Still, a growing number of would-be travellers are changing plans. Air Canada and other airlines recently said they’d allow passengers to change or cancel bookings to regions where Zika is spreading. The pandemic sprang to life so quickly that others have been caught off-guard. Travellers returning to Australia, Denmark, Israel and the U.S. have since been diagnosed with Zika. Here in Canada, as of Feb. 2, six cases of infection had been reported: two in B.C., one in Alberta, and three in Quebec. All six had recently visited either Brazil, El Salvador, Colombia or Haiti, according to the Public Health Agency of Canada. At least one baby in the U.S. has been born with microcephaly. The child’s mother was in Brazil early in her pregnancy.
For those who live where the Zika virus is circulating, the situation looks even more stark. The fear of birth defects is so great that authorities in Colombia, El Salvador, Jamaica and Ecuador have reportedly urged women not to get pregnant for now. With no treatments that stop the virus, doctors’ best advice is to avoid mosquito bites, to use bug repellent and to stay indoors. For now, there is no end in sight. “It is a pandemic,” says Brian Ward, a professor of medicine and microbiology at McGill University, and an expert in tropical diseases. “We are on the upslope.”
More clouds are gathering on the horizon. In August, Brazil hosts the Summer Olympics, and half a million tourists are expected to visit. The country plans to deploy 220,000 military troops to go door-to-door and speed eradication efforts. Incredibly, Brazil is warning pregnant women not to attend. “The risk, which I would say is serious, is for pregnant women. It is clearly not advisable for you [to travel to Brazil for the Games] because you don’t want to take that risk,” said Jaques Wagner, President Dilma Rousseff’s chief of staff. But the risk to others is not so serious, he continued, and insisted that the Olympics will not be cancelled.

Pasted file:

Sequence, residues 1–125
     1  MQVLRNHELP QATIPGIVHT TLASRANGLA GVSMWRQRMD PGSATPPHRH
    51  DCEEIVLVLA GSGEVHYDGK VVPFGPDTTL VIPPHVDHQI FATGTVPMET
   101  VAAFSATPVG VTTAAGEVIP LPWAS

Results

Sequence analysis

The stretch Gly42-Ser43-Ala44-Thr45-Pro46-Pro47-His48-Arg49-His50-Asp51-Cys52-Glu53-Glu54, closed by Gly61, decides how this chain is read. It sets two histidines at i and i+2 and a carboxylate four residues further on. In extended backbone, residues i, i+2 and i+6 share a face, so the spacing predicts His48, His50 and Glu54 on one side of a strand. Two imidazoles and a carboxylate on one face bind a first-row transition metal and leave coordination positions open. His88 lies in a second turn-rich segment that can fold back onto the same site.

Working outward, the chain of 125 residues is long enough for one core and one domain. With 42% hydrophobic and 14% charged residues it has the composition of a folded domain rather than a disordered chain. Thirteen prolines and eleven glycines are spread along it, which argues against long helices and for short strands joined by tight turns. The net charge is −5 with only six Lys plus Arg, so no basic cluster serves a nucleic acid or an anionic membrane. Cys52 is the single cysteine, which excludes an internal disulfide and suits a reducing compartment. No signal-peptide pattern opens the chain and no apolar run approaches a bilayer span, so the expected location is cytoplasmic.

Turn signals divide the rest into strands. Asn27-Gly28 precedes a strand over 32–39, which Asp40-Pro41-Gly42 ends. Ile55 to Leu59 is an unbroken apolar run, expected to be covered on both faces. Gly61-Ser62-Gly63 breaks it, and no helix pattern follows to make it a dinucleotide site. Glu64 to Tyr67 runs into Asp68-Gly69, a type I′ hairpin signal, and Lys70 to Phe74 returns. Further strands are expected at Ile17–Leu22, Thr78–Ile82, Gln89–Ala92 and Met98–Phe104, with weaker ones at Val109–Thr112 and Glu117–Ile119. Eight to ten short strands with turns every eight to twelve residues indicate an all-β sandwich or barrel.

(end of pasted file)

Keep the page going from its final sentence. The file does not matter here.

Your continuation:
In the southern U.S., where no local transmission by mosquito has been reported to date, people are bracing for springtime, when the bugs become more active. The Aedes aegypti species, which carries Zika, can be found in Florida and along the Gulf Coast. “If you have a generation of pregnant women terrified of going outside,” says Peter Hotez, dean of the National School of Tropical Medicine at Baylor College of Medicine, “that’s going to be a game-changer.”
Zika is spreading so rapidly—and seems to have such devastating effects—that experts speculate the virus may have mutated, and taken on a far more dangerous form.
Scientists don’t know how Zika made its way to the Americas, halfway around the world from where it was discovered. It seems to have hopped eastwards along islands that dot the Pacific. An isolated outbreak was reported on the tiny South Pacific island of Yap, in 2007, and another in French Polynesia in 2013. There, 11 per cent of the population was affected. But not many people live on those islands, and Zika’s effects—which are mild in most people—didn’t raise flags.
The virus arrived in Easter Island, off the coast of South America, and then came to Brazil. That country has plenty of disease-carrying mosquitoes, and a massive population of 200 million—the vast majority with little or no immunity to Zika, like almost everyone else in the Americas. Brazilian public officials first reported local transmission of the virus in May 2015. “There wasn’t very much concern about it,” Ward says. “Compared to dengue and chikungunya,” two other mosquito-borne illnesses in the area, he says, “Zika is a weenie.” At least, that’s what authorities believed at the time.
As the number of infections grew, officials noticed something chilling: a twentyfold increase in babies born with microcephaly, a rare and devastating birth defect. “Microcephaly is not subtle. It’s very severe,” says Kellie Murphy, a maternal-fetal medicine specialist at Toronto’s Mount Sinai Hospital. The outcomes of these babies vary widely. Some will struggle to feed themselves, and have a shortened lifespan. (No Canadian cases of Zika-linked microcephaly have been reported. Maternal infections with viruses like rubella, or chromosomal disorders, can also cause the condition.)
On Jan. 27, health authorities in Brazil said that, since Oct. 4, 180 cases of suspected microcephaly had been reported. (Brazil typically sees about 150 cases per year.) After over 700 reports were examined, microcephaly was confirmed in 270 of them—and in six of those, there was evidence of Zika. Researchers discovered the virus in the amniotic fluid of two pregnant women, whose fetuses were diagnosed with microcephaly via ultrasound. The CDC found traces in the brains of two newborns with microcephaly who died, and in the placentas of two women who miscarried fetuses with the condition.